So you’re ready to pitch your story idea. Great. What’s a pitch?
Like the picture above it’s a snippet of something larger. That’s part of the cover for my third novel, Martian Divides.
The first point is that you want to have enough in your pitch to engage your audience, publisher or buyer. Describe who your character is, what he or she wants and why.
The second point is this: Make it short. In retail staff are often trained to greet you with a pitch about the current sale. If it takes too long you’re out of there. Often these are called elevator pitches, partly because they should take no longer than a brief ride in an elevator; but also because you want to engage and increase someone’s interest.
The third point is to experiment with your pitch. Practice saying it out loud. Pitch to yourself in a mirror. Use it on your friends and family. Your first draft will have to be revised until it works for you, for the idea and for your intended audience.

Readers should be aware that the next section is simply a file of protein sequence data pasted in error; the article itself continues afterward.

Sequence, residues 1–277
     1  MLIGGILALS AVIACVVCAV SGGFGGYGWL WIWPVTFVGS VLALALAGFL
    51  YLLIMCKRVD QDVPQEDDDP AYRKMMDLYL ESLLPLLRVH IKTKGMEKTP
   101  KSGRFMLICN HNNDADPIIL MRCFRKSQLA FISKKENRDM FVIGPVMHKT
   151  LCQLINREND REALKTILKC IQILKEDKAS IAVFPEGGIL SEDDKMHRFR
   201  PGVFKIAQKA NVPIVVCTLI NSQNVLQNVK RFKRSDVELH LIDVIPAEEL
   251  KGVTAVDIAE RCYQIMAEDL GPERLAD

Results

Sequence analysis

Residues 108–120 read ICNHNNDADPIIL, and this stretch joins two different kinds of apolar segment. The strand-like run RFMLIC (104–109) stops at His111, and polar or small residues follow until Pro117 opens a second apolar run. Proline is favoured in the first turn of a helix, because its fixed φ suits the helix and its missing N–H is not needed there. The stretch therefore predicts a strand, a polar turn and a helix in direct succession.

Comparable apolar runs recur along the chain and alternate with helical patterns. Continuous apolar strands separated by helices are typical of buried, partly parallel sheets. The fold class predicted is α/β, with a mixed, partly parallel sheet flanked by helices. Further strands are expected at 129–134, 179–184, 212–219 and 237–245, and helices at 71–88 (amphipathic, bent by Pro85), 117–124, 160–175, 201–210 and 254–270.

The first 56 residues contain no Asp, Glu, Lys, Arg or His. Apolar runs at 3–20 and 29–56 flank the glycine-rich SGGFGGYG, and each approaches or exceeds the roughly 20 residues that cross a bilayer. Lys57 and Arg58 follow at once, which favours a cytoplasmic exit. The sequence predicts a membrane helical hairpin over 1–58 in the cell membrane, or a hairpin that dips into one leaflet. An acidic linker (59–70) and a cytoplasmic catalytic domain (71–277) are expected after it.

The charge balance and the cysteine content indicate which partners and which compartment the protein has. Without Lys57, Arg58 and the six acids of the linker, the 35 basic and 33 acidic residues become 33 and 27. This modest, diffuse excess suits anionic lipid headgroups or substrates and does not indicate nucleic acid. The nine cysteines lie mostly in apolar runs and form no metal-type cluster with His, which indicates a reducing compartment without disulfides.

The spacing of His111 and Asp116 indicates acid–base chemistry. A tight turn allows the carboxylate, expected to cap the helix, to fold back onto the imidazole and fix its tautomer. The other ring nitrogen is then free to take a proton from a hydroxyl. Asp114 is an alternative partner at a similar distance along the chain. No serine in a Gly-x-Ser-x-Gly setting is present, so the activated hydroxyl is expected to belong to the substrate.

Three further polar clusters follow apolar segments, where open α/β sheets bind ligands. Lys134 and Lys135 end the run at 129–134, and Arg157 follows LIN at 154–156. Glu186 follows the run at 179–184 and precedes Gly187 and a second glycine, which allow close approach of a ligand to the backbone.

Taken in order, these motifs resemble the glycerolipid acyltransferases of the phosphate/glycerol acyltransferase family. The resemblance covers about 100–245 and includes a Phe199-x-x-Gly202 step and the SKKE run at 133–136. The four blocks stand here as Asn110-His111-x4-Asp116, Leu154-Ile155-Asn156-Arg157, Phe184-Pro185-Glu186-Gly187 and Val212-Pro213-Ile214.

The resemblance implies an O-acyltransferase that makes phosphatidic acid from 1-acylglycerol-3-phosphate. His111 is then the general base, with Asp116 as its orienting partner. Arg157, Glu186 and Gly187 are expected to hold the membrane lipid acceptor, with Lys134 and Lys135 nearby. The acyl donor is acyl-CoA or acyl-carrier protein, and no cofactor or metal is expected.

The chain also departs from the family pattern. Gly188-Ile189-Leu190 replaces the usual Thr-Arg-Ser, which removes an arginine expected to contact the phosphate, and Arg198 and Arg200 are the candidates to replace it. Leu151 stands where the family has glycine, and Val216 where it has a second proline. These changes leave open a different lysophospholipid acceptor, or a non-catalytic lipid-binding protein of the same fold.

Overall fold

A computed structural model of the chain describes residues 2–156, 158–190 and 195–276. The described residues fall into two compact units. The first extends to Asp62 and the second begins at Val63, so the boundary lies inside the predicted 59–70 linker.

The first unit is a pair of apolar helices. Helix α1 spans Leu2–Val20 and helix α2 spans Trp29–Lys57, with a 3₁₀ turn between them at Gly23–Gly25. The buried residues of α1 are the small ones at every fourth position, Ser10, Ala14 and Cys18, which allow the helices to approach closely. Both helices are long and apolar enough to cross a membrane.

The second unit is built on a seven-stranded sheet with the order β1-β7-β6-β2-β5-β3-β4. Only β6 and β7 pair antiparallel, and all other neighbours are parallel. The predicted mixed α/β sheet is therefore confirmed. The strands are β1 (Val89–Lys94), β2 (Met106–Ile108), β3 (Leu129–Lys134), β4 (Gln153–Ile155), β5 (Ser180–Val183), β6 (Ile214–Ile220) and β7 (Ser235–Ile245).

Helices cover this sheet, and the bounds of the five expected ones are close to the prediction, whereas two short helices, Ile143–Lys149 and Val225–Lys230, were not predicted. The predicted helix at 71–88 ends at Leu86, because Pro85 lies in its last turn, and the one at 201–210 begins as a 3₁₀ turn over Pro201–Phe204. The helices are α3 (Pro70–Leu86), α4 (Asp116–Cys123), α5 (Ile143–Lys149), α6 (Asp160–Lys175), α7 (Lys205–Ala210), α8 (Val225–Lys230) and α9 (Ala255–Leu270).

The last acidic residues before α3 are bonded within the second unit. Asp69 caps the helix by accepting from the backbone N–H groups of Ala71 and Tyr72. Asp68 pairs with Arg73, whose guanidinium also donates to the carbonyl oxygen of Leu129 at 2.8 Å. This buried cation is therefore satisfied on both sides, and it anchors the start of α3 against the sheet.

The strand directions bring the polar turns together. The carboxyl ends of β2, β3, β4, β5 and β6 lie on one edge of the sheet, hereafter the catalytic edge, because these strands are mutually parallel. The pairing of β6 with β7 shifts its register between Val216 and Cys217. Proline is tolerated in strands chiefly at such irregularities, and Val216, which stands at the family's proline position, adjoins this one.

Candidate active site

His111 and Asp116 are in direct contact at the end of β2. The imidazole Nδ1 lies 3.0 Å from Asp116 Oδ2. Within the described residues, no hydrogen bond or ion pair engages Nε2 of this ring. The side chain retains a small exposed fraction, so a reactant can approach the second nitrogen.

Here’s an example: my novel Been Blued is about an advanced group of aliens who return to Earth because a space virus wiped out their women. The identity of the protagonists–aliens–is there, along with hints that they’re originally from Earth and they’re technologically advanced. Their mission is clear–find women because they have no more of their own. This also points to a back story–whether or not the virus has been cured.
That’s a lot of information in one short sentence. Once it got to that point I discovered people had two responses. Those who weren’t interested told me I had quite the imagination. Readers who wanted the book continued to ask questions. If there’s a bonus point here it’s that a good pitch will save a lot of time as it separates buyers from non-buyers.
Follow this link to purchase Been Blued for your Kindle: http://www.amazon.com/Been-Blued-ebook/dp/B00B1NS1E2/ref=sr_1_1?s=digital-text&ie=UTF8&qid=1379131848&sr=1-1&keywords=been+blued